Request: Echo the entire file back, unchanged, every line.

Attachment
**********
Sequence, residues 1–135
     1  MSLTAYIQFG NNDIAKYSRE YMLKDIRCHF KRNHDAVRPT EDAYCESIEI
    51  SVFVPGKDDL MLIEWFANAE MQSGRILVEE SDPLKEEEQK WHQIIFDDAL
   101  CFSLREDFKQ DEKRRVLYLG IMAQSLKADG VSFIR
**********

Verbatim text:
Sequence, residues 1–135
     1  MSLTAYIQFG NNDIAKYSRE YMLKDIRCHF KRNHDAVRPT EDAYCESIEI
    51  SVFVPGKDDL MLIEWFANAE MQSGRILVEE SDPLKEEEQK WHQIIFDDAL
   101  CFSLREDFKQ DEKRRVLYLG IMAQSLKADG VSFIR